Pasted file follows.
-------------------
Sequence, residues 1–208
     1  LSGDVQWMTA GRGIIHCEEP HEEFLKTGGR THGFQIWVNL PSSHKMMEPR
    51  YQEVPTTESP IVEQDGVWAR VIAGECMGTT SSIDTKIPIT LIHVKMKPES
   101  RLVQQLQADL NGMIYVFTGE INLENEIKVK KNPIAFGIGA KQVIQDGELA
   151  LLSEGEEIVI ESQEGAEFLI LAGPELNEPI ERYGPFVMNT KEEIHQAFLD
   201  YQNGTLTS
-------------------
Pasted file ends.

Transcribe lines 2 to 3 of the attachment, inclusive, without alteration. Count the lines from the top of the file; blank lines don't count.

     1  LSGDVQWMTA GRGIIHCEEP HEEFLKTGGR THGFQIWVNL PSSHKMMEPR
    51  YQEVPTTESP IVEQDGVWAR VIAGECMGTT SSIDTKIPIT LIHVKMKPES